Links between quality information, elections and democracy topped discussions among panelists at this year’s World Press Freedom Day celebration hosted by the University of the South Pacific’s journalism programme at Laucala campus in Suva yesterday.
Reflecting on the universal theme, “Media for Democracy: Journalism and Elections in Times of Disinformation”, final-year journalism student Kirisitiana Uluwai said the existence of the media as the Fourth Estate guaranteed the presence of democracy in the country.
“More and more democratically-elected leaders no longer see the media as an essential part of democracy. Instead, they see the media as an adversary,” said Uluwai, who was one of four student panelists at the event.
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“As journalists, we work for the truth no matter how uncomfortable that will make some people feel. We will step on some people’s toes, all in the name of truth.”
Uluwai, who is also the president of the USP Journalism Students Association, said an issue of concern was the increase in fake news on social media.
She said fake news grossly distorted actual news reports and lies.
“Just because we are student journalists doesn’t mean we are zoned out from professional fulltime journalism work in the field,” she said.
“As student journalists, we cover real news in the real world through Wansolwara and bound by the journalism standard code of ethics.”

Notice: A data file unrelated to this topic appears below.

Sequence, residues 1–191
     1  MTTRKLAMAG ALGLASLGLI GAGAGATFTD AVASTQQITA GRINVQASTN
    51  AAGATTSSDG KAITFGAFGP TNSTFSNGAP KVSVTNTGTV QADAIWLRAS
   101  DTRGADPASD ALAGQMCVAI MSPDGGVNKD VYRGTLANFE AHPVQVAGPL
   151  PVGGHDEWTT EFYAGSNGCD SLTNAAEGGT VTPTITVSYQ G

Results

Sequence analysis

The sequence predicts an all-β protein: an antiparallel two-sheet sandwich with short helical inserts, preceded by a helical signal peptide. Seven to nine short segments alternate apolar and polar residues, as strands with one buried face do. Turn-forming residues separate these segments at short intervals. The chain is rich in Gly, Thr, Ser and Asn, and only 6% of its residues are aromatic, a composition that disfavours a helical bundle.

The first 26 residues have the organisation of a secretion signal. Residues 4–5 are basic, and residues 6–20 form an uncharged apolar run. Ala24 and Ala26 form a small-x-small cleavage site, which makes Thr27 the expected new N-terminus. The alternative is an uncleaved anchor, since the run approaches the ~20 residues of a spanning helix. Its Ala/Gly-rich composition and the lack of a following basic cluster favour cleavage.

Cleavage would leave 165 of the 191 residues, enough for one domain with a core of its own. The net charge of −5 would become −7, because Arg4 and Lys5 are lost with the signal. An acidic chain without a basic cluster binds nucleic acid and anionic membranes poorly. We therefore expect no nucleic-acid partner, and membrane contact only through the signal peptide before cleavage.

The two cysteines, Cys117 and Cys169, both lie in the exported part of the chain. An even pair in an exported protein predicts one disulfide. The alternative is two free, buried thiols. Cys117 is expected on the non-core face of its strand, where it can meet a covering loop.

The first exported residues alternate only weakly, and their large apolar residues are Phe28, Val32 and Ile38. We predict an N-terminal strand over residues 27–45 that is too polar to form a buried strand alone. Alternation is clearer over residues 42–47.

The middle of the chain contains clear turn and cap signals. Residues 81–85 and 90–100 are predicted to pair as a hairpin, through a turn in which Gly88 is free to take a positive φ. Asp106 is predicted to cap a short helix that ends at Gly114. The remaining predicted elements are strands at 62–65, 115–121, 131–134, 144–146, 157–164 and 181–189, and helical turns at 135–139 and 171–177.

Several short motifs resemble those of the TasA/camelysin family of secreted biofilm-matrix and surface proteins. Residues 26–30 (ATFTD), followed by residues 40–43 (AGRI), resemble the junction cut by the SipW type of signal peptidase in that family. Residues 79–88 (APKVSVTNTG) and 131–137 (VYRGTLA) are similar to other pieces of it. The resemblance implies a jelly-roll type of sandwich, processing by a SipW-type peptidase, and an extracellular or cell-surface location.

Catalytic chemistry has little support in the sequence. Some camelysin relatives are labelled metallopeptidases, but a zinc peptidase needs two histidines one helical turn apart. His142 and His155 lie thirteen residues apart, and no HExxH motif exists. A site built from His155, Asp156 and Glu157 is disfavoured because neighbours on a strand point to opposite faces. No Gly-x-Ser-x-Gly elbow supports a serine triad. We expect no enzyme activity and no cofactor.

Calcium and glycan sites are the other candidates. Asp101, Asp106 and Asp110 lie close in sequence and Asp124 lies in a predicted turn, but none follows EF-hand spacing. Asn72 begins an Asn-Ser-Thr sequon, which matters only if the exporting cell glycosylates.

In terms of reporting elections in the Solomon Islands, Wansolwara student editor and experienced journalist Rosalie Nongebatu said access to quality information was important, especially during elections.
“According to the United Nations, the right to information is a fundamental human right, which underpins all other freedoms. Access to information is the ability for a person to pursue, receive and share information effectively,” she said.
“On the same note, the media plays a crucial role in a democracy in promoting development, upholding good governance and holding leaders accountable. In order to report more effectively to ensure citizens are kept informed and equipped to make informed decisions to benefit their lives, the media needs to impart quality information.
“This is a big challenge in many Pacific countries, including the Solomon Islands. In my country, many reporters are young and under trained, thus the reporting is mostly straight news, with little or no analysis.”
In his opening remarks, USP journalism coordinator Dr Shailendra Singh said World Press Freedom Day was an important occasion considering the dire state of the media in the world, including in our Pacific region.
“This year’s theme, “Media for Democracy and Elections”, discusses issues such as rising above emotional content and fake news during elections and strategies to counter speeches demeaning journalists,” he said.
“These global trends have ramifications in the Pacific, and affect our journalists too. In reporting elections, journalists should ask, ‘why is this happening?’ Is it merely the people exercising their democratic right, or is there more to it?
“In covering elections, journalists shouldn’t just focus on the political horse race.
“They should also examine and critique the electoral system. This includes questioning the impacts of culture and tradition on elections.”
The Fijian Media Association also organised a panel discussion in Suva with editors of major news media organisations.
AUT’s Pacific Media Centre and Asia Pacific Report have a publishing partnership with the University of the South Pacific journalism programme.